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storeys), and RC7 (buildings with more than 7 storeys) (Figure 10), the fragility curves, previously determined in terms of spectral displacement, were re-determined in terms of peak ground acceleration. These curves refer to the probability of attaining to four different limit states, as defined in HAZUS (FEMA-NIBS, 1999): slight damage, moderate damage, extensive damage and complete damage (collapse). In order to allow the utilization of the available information on local seismic hazard (INGV-DPC S1, 2007), the fragility analysis was performed scaling the elastic spectra provided by the actual code for Naples town at the coordinates of Arenella district. The obtained fragility curves may be utilised both to perform scenario analyses and risk analyses. By using the hazard data for T = 0, given by INGV-DPC for a 50 years time interval, the area risk was computed, i.e. the probability that the buildings belonging to the different classes attain to failure in the considered time period.

Figure 10. Classification of RC buildings in Arenella district in Naples.

4.2 Public and strategic buildings CNR-ITC developed and analyzed a database on the seismic assessment of schools of Regione Molise, including: 1. localization of the individual structural units within the school complexes; 2. technical-administrative data on the intervention designs; 3. typological and dimensional data; 4. graphical survey; 5. vulnerability and structural weak points; 6. test results; a. strength of steel and concrete, determined through tests on cores and SonReb method; b. strength of masonry, mainly determined through flat jacks tests; c. dynamic characterization through ambient vibration tests; d. load tests on floors; e. characterization of the soils;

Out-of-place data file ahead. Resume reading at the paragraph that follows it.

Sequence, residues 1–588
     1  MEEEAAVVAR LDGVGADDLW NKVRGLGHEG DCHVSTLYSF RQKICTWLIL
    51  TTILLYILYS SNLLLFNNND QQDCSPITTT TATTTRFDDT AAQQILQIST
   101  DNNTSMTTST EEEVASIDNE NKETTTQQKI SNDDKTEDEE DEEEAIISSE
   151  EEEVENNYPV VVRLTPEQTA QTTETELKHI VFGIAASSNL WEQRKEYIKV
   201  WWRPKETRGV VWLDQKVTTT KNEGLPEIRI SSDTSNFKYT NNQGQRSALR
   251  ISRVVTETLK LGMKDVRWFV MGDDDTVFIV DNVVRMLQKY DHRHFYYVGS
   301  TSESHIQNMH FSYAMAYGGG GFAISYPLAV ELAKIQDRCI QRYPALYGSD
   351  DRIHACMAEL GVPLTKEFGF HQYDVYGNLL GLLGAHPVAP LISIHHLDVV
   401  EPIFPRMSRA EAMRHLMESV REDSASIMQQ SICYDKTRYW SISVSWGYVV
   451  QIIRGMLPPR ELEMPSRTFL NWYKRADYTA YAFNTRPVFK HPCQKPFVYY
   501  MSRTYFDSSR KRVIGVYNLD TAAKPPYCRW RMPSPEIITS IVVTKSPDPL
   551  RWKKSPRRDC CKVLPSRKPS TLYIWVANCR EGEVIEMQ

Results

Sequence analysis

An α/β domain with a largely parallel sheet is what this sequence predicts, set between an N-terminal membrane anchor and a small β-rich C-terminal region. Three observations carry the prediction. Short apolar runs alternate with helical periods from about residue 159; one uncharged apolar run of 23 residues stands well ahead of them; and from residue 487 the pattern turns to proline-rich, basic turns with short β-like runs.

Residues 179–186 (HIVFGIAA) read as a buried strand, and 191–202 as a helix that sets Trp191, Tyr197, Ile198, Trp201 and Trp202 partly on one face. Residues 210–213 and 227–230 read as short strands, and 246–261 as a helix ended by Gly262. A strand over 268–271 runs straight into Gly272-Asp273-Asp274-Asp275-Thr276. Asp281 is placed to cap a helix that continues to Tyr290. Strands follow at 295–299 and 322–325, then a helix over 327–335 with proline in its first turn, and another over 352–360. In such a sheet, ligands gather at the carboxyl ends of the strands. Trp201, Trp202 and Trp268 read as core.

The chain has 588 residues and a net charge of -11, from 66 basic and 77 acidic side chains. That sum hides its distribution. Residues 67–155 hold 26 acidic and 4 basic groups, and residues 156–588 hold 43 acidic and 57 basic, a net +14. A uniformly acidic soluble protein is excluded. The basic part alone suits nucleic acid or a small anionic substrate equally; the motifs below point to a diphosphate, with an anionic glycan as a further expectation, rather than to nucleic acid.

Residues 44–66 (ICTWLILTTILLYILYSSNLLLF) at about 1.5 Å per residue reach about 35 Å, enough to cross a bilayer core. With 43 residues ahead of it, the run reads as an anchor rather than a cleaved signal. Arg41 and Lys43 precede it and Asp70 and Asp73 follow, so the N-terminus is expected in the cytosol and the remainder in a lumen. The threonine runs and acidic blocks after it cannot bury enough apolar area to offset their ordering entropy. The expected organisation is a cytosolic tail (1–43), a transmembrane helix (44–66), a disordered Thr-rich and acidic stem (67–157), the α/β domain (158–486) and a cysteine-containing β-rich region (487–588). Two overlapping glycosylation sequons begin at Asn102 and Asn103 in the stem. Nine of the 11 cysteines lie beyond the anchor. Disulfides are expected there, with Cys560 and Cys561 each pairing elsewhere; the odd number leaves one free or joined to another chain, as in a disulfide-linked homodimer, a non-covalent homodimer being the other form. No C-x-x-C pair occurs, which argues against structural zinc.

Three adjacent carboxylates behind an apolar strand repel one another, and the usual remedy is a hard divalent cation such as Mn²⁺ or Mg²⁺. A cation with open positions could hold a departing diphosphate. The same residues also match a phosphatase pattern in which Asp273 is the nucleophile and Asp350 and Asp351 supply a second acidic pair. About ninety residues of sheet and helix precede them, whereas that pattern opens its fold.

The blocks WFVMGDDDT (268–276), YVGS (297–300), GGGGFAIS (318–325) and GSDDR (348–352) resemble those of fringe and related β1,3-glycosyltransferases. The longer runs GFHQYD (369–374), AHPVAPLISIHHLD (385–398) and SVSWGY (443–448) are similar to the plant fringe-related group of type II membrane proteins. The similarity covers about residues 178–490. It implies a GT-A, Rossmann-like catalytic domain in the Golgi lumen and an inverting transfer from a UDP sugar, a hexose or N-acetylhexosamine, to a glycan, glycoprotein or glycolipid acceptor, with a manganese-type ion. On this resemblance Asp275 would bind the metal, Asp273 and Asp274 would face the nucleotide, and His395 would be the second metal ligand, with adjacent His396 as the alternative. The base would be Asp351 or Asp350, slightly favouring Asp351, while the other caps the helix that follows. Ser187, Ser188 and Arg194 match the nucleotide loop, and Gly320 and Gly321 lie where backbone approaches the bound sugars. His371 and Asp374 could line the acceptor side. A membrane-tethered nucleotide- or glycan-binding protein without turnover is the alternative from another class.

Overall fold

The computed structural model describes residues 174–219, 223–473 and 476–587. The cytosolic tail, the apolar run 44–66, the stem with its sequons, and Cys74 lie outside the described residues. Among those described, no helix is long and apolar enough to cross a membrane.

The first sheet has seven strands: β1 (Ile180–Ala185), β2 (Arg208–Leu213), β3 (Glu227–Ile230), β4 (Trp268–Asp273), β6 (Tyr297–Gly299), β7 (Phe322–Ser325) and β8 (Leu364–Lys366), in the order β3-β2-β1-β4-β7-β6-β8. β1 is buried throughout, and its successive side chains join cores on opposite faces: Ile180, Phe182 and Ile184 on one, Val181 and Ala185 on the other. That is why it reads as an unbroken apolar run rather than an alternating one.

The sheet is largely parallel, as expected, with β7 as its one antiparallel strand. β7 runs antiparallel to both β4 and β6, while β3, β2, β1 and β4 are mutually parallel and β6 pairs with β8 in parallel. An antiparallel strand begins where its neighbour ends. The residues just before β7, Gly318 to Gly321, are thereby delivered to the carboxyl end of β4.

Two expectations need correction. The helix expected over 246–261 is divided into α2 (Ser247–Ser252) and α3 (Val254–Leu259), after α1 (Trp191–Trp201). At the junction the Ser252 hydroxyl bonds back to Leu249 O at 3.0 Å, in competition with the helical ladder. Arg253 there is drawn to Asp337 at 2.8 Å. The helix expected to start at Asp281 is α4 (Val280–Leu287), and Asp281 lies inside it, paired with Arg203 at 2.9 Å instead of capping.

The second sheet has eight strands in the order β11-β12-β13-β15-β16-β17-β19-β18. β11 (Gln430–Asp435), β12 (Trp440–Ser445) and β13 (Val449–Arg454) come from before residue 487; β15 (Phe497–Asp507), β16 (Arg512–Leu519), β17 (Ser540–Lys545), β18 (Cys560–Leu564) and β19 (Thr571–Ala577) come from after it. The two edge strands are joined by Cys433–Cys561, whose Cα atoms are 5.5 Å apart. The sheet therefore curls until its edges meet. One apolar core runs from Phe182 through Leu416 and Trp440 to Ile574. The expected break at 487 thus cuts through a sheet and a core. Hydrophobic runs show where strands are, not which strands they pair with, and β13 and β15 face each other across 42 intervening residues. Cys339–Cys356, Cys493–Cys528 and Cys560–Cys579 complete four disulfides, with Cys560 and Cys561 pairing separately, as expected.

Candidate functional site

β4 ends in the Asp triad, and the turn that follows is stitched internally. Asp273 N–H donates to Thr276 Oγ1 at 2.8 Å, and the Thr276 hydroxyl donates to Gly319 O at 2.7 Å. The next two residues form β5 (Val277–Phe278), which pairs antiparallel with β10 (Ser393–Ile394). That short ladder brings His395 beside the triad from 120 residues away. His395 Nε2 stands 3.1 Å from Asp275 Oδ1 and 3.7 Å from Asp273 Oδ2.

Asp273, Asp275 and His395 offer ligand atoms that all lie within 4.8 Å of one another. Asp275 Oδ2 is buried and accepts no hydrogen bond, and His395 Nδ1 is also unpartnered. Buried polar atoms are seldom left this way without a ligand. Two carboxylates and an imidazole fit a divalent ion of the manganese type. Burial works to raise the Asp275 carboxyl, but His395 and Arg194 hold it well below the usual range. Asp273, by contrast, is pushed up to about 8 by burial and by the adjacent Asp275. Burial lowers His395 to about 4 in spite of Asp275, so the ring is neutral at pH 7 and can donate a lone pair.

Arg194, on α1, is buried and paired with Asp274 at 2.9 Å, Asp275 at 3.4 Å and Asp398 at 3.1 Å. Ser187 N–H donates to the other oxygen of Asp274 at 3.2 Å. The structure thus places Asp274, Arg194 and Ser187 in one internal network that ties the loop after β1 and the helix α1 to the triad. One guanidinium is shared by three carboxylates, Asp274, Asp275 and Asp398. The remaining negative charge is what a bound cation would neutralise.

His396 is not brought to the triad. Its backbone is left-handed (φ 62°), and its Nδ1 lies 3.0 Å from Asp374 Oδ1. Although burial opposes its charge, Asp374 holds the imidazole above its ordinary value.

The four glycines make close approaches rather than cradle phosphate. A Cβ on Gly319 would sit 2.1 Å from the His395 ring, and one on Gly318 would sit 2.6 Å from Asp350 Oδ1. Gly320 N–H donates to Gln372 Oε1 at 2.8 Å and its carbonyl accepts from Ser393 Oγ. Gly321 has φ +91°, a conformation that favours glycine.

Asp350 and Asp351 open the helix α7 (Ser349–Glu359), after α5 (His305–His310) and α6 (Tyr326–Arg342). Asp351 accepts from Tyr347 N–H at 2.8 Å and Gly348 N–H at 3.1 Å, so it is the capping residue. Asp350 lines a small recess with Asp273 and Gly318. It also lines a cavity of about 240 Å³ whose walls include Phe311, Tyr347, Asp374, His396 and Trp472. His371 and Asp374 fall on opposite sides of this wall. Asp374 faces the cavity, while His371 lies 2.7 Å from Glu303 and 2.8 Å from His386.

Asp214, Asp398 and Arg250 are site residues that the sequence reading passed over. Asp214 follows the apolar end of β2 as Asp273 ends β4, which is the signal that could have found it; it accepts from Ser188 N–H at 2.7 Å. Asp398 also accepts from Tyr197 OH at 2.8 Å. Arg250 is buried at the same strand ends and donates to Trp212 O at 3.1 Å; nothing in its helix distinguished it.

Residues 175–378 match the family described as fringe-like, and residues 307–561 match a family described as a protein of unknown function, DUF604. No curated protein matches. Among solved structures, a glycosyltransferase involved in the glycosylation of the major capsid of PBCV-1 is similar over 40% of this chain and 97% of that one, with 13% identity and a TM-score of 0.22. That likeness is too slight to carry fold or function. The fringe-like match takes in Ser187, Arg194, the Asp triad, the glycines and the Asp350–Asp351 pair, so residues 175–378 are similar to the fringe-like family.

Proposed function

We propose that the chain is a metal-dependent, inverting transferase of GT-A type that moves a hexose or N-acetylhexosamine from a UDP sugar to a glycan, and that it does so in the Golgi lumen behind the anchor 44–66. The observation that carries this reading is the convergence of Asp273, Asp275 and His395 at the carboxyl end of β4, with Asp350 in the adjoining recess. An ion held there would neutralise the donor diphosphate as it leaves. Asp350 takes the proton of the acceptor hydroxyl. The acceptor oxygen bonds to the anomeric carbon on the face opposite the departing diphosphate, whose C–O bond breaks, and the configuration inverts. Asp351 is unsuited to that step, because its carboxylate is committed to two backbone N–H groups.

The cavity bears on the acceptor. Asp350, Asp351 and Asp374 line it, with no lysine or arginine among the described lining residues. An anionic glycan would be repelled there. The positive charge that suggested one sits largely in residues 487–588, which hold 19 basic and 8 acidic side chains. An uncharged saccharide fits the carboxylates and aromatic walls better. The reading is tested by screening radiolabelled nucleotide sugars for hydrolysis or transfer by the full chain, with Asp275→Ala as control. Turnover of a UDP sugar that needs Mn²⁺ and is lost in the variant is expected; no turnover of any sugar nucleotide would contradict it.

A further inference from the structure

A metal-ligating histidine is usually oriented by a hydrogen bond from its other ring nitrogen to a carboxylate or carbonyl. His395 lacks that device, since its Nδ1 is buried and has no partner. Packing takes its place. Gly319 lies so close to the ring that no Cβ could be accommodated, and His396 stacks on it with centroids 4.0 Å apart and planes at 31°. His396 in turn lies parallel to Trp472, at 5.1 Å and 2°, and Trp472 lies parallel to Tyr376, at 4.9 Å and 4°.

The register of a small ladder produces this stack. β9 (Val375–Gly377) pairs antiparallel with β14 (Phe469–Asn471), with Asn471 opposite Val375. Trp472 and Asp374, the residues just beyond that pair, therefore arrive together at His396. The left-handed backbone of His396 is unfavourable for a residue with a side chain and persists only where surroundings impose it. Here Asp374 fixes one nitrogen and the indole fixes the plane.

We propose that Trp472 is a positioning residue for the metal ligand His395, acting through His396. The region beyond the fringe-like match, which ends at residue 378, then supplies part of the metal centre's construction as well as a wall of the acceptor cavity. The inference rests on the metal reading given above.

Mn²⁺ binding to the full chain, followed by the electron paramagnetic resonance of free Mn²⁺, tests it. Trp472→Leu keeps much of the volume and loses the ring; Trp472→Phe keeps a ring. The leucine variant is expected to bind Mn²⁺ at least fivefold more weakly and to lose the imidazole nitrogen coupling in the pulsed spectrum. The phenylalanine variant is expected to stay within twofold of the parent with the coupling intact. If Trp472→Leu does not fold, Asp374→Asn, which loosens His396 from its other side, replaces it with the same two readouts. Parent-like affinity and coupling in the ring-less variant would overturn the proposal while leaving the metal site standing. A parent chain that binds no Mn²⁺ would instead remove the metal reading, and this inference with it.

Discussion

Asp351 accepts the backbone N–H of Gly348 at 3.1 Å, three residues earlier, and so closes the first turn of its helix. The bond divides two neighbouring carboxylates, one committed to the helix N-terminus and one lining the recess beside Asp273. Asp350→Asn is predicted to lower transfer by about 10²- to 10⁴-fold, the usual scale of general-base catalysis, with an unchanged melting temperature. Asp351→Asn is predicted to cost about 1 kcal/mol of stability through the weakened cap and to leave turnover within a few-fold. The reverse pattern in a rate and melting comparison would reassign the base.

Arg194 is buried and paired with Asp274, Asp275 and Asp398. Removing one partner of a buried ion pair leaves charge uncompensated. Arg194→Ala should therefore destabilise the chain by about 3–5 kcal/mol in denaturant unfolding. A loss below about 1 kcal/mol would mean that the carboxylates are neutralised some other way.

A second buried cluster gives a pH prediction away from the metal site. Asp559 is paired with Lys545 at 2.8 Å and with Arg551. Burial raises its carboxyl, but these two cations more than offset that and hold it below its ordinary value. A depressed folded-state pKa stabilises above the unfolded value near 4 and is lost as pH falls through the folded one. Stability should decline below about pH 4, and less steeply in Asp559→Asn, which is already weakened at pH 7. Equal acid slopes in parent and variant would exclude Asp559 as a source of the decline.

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7. results of the simplified assessment through the models VC and VM (Dolce and Moroni, 2005), or other types of analysis, in terms of collapse PGA and corresponding return period; 8. final judgement on the vulnerability and risk conditions; 9. preliminary proposal of intervention. The database on the schools assessed was linked with the database of the Ministry of Education, University and Research (MIUR). A second deliverable consists of a procedure for the transfer to the DPC of the data of the "Synthetic form on seismic verification at level I or level II of strategic buildings to the purposes of Civil Protection, or prominent in the case of seismic event", fitted out of user's manual of the software and support to filling in. The procedure was released nationwide and will allow the systematic collection of the assessment data, and the development of a centralized database at the DPC. UNIBAS developed an updated version of the procedure VC for the analysis of buildings with stair-lift cores. The cores are modelled as vertical cantilevers under a concentrated load at 2/3 of their height. The strength calculation is carried out according to the NTC, accounting for the brittle shear failure and the ductile bending failure. 4.3 Infrastructures UNITN developed a Bridge Management System (BMS) integrated by a vulnerability model consistent with the HAZUS model. In this model, the seismic vulnerability is expressed through fragility curves. They represent the probability that the structure will reach a predefined damage state as a function of seismic intensity. Fragility curves are obtained comparing the seismic demand (i.e. the structural performance required by the seismic action) with the structural capacity, that can in general be represented in terms of displacement or strength. The seismic demand is evaluated using the spectral method, while the structural capacity is obtained by considering different possible damage scenarios. From the observation of the consequences of past seismic events, it can be seen that the most vulnerable elements of a bridge are: piles, abutments and bearings. The system considers two damage scenarios: damage to the piles because of horizontal actions and damage to the deck caused by sliding on bearings. Consistently with HAZUS paradigm, and according with the NTC (DM 14 January 2008), the model considers five different condition states and four performance levels (minor damage, moderate damage, major damage and collapse). The HAZUS model, defined by the geometrical and typological information collected into the database, represents the prior fragility curve. For instrumented bridges, the posterior fragility curve is then estimated based on the response history of the embedded instrumentation using Bayesian logic. In a similar manner, using Bayesian inference, the information is extended to the whole stock. As regards the development of smart elements, the sensor technology adopted is a multiplexed version of the standard SOFO fiber optic strain interferometric sensor, where inline multiplexing is obtained by separating each measurement field through broadband FBGs, coupled with traditional sensors, including metal-foil strain gauges and thermocouples. The optical sensing system is prepared in the form of a 3-field smart composite bar. An instrumented element in prestressed concrete, of size 3.8×0.5×0.3 m3, has been manufactored and tested. The specimen was post-tensioned with real-time control using a load cell inserted within the anchorage system. The load protocol includes a sequence of load-unload cycles, repeated under different values of pre-stressing and maximum vertical load. The experiment aimed at identifying the response of the sensors to different damage conditions artificially